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Dollarama Inc. shares have hit some turbulence because of concerns over the discount retailer’s profit margins. But the sell-off alleviates the biggest downside to the stock: its high valuation.

In August, the shares traded at 30 times reported earnings – a remarkable valuation for a bricks-and-mortar retailer that counts credit-card transactions and self-checkout aisles as key innovations.

Now, the shares trade at 25.6 times earnings. That’s not exactly cheap, but it makes the stock more attractive to long-term investors who stand by Dollarama’s remarkable pace of expansion.

The company’s third-quarter results, released last week, underscored this pace for the most part. The retailer opened 21 net new stores during the period, an acceleration from 14 new stores in the third quarter last year. Overall sales increased by 9.6 per cent, also year-over-year. And profit increased 4.9 per cent, or 10 per cent a share.

The results also underscored impressive operational improvements. Sales at stores open for at least one year increased by 5.3 per cent, up from same-store sales growth of 2.7 per cent in the third quarter last year.

But the market flipped out over a slight compression in gross margins (gross profit divided by sales), which slipped to 43.7 per cent from 44.3 per cent as the company focused on foot traffic rather than price increases. The shares fell 8.9 per cent on Dec. 4, after the release of the financial results, and are now down 13.4 per cent from their record highs in August.

In some ways, the retreat is in line with the gravitational pull that has been exerting itself on other North American discount retailers that sell products for a few bucks or less.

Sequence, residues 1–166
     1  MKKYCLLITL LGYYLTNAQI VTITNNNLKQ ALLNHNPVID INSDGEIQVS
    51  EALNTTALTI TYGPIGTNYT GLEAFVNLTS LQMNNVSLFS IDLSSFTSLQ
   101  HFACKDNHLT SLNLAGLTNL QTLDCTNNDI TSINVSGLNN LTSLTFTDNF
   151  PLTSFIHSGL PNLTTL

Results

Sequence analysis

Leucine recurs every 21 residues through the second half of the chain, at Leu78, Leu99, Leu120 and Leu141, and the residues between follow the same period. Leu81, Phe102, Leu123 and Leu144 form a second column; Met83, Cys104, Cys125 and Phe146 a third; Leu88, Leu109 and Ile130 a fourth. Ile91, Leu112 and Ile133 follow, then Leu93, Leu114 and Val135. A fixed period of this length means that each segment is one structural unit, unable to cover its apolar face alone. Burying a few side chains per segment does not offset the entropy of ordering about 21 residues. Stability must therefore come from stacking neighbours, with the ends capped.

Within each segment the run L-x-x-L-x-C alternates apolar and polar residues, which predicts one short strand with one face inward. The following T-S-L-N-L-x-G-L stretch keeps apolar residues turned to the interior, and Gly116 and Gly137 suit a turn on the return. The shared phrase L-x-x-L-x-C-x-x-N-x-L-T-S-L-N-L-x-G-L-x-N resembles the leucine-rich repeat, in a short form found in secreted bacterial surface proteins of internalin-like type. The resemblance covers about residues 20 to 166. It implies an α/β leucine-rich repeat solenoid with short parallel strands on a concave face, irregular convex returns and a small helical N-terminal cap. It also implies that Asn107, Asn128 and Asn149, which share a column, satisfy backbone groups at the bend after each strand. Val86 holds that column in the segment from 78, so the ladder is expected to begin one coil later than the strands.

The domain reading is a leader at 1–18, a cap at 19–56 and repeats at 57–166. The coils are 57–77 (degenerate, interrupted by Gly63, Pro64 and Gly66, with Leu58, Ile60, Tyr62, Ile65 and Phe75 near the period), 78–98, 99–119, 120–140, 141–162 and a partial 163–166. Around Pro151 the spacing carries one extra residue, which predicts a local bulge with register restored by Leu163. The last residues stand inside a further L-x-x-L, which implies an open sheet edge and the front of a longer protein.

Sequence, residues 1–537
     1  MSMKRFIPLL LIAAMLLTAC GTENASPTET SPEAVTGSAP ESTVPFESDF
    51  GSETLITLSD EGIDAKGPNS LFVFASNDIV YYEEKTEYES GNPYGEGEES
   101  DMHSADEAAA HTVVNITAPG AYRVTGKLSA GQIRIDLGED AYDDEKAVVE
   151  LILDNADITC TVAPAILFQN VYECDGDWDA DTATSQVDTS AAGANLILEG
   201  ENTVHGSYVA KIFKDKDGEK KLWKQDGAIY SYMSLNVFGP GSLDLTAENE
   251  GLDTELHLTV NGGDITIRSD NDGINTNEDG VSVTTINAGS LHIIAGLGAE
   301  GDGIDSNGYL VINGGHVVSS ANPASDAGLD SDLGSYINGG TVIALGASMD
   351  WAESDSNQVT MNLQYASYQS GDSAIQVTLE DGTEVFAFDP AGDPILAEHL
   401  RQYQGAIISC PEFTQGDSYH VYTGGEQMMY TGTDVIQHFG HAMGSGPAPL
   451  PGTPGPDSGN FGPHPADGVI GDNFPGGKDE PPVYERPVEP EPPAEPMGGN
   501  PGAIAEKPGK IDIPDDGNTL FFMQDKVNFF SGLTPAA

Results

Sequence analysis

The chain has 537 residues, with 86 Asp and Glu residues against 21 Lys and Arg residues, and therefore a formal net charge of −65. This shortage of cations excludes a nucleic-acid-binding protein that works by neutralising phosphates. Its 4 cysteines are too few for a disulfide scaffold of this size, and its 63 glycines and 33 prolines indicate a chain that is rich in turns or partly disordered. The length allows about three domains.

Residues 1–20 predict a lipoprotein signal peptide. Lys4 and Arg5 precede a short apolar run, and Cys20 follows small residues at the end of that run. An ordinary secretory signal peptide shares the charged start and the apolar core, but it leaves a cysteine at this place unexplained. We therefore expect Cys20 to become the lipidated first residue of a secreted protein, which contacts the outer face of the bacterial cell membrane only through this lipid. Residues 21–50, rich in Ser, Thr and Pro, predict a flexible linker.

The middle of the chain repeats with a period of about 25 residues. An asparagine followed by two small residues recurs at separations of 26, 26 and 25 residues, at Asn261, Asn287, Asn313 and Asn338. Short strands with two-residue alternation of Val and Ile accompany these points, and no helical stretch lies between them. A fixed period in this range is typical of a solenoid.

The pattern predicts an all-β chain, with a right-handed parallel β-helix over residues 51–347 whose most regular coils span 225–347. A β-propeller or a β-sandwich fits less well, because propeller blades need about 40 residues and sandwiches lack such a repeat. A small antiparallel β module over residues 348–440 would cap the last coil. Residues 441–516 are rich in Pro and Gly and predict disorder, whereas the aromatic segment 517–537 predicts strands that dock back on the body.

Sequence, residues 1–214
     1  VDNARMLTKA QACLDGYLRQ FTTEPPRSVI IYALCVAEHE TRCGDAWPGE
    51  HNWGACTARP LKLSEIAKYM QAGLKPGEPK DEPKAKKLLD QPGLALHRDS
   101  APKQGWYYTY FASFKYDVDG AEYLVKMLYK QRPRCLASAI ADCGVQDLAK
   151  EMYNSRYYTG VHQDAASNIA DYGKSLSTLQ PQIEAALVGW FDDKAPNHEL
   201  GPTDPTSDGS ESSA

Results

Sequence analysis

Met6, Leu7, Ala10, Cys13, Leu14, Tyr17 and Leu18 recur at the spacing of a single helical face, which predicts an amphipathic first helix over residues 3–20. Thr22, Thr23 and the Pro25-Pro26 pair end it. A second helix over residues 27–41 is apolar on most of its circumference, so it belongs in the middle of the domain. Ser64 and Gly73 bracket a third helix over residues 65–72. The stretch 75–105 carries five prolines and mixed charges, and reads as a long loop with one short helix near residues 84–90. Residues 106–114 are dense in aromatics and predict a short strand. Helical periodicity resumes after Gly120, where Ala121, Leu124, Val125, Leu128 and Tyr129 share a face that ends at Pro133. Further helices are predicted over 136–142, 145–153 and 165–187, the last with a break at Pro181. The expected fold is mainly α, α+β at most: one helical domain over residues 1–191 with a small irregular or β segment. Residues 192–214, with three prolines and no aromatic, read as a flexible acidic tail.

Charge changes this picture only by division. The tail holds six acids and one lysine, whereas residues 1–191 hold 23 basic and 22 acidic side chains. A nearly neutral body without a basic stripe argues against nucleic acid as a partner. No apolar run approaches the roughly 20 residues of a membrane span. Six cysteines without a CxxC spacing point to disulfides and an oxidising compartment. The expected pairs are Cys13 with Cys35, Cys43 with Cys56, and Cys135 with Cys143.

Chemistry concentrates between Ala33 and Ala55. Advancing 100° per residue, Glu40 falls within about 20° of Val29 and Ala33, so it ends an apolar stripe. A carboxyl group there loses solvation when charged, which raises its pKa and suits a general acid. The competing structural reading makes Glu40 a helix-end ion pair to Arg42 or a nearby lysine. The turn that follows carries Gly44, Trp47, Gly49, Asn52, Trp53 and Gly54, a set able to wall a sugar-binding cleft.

Share prices for Dollar General Corp. and Dollar Tree Inc., both U.S.-based, rose this year by as much as 53.4 per cent and 31.1 per cent, respectively, as investors rushed into stocks that appeared relatively immune to an outright recession – a fear that defined market action earlier this year.

Valuations also rose. Dollar Tree’s price-to-earnings ratio was above 24 as recently as October. And Dollar General’s P/E was 26. According to Goldman Sachs, both stocks were among the 50 most overweighted positions by U.S. mutual funds at the end of June, underscoring the popularity of discount retailers among professional investors.

But fears of an economic downturn have subsided with continuing growth in U.S. employment and three successive cuts to interest rates by the Federal Reserve in the second half of the year.

Stock prices have also subsided: Dollar General is down 6.8 per cent from its high and Dollar Tree is down 21.5 per cent.

Bad news added to the downward pressure in the case of Dollar Tree. The retailer reported in November that its third-quarter earnings on a per-share basis fell 8.5 per cent from last year. The news sent the share price down 15.2 per cent on Nov. 26.

Given this industry-wide backdrop, has the investment case for Dollarama shifted noticeably?

Some analysts believe that the margin compression in the third quarter points to slower profit growth ahead, which could weigh on the share price.

“We expect the stock to remain range-bound in the near term as it still trades at a fairly healthy valuation … and as investors await better earnings visibility,” Chris Li, an analyst at Desjardins Securities Inc., said in a note last week.

Nonetheless, the upside potential here is enticing if you can live with the near-term uncertainty and the fact that the stock is hardly a bargain.

Irene Nattel, an analyst at RBC Dominion Securities, estimates that strong growth in same-store sales, share buybacks and continuing expansion with new store openings will raise the share price to $56 within 12 months, implying gains of 26 per cent from a close of $44.53 in Toronto on Monday.

And if the economy tanks? Discount retailers will be all the rage again.

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